SANTA ANA, Calif. (AP) -- Southern California Edison wants customers to pay more than $2 billion over the next seven years to cover the company's capital investment in the shuttered San Onofre nuclear plant.
Edison outlined its proposal with the California Public Utilities Commission last month, The Orange County Register reported Thursday.
The utility says it needs the money to compensate shareholders. A commission decision is not expected until next year.
Edison believes reduced labor and other costs at the closed plant will help offset the bill for buying replacement power, since the twin reactors no longer produce electricity for customers. That would result in no change in customer rates, the company predicts.
The state Division of Ratepayer Advocates, an independent arm of the commission, has argued that it is unreasonable to continue charging ratepayers for a plant that produces no power.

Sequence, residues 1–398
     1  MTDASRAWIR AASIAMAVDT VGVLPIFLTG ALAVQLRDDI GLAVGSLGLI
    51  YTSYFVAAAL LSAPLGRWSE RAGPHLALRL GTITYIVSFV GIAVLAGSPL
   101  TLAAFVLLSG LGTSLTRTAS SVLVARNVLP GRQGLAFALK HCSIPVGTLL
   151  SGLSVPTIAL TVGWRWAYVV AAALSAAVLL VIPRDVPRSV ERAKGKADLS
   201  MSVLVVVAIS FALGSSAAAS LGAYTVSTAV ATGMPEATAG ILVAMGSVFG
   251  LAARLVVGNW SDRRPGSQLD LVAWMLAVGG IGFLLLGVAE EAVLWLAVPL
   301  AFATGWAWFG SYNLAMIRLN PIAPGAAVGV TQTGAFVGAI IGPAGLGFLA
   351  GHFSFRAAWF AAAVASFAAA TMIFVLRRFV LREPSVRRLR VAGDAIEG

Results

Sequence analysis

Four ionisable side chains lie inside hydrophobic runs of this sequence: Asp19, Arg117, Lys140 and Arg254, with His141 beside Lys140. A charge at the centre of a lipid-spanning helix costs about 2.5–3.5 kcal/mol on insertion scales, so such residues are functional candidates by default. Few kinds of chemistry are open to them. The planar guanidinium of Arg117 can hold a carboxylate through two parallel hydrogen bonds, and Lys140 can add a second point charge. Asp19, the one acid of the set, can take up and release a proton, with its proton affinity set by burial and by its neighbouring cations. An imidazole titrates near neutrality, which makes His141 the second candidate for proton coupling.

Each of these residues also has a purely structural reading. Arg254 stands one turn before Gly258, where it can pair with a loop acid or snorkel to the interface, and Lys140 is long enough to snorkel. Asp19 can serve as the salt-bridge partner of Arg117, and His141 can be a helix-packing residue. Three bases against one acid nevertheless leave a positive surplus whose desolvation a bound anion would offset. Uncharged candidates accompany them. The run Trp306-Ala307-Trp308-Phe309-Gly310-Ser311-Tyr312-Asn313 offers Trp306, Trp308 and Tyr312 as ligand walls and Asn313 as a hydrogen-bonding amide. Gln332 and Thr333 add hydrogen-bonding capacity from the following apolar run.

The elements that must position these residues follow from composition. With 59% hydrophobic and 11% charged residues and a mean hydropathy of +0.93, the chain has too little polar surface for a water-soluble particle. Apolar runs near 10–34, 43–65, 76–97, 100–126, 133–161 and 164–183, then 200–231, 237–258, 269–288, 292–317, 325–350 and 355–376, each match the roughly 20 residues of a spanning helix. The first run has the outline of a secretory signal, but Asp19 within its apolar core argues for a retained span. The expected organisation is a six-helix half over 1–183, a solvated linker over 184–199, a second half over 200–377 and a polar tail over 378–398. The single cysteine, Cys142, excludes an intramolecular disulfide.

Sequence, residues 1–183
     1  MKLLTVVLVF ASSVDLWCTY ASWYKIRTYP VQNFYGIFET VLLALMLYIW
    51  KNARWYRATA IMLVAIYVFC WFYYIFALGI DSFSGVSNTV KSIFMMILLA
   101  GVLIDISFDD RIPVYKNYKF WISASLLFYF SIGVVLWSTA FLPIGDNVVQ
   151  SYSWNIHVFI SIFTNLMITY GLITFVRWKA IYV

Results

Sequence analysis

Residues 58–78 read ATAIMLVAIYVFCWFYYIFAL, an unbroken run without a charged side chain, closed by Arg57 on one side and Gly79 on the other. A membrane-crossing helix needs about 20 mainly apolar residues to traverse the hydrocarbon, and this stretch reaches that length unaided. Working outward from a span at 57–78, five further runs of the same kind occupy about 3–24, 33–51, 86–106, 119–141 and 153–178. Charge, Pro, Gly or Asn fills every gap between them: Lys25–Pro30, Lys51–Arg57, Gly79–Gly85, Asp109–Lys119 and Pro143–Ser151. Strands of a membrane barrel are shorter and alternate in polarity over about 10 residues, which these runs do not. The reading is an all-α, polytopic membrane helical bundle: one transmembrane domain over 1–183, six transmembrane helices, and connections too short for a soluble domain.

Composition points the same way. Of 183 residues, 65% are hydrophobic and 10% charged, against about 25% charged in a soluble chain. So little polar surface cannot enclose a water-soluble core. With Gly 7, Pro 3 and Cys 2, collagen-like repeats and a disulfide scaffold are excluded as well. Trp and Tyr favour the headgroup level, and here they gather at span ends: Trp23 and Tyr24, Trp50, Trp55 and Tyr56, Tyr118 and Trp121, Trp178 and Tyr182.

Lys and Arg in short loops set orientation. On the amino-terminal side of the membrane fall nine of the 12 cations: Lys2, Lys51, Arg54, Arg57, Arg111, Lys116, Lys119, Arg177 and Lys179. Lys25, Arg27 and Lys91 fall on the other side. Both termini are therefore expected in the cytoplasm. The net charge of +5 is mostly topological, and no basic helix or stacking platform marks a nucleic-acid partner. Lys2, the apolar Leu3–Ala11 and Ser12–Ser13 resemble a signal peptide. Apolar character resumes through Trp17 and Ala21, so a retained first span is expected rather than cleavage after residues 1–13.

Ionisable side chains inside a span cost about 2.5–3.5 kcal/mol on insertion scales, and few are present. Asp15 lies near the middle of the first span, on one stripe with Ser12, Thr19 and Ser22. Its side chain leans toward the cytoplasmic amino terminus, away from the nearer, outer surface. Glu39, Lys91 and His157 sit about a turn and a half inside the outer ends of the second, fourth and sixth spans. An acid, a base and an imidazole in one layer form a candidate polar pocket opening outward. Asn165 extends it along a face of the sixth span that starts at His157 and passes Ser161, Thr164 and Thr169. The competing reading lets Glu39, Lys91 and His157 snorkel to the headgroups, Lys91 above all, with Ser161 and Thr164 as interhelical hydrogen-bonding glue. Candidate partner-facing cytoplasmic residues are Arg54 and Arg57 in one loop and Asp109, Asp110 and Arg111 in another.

San Onofre, located between San Diego and Los Angeles, was shut down in January 2012 after a small radiation leak led to the discovery of heavily damaged tubing in its virtually new steam generators. Edison closed the plant for good after a long fight with environmentalists over safety issues.
Edison is also seeking damages from insurers and Mitsubishi Heavy Industries, which built the faulty generators.
Information from: The Orange County Register, http://www.ocregister.com
- Utility Industry
- Southern California Edison
- San Onofre nuclear plant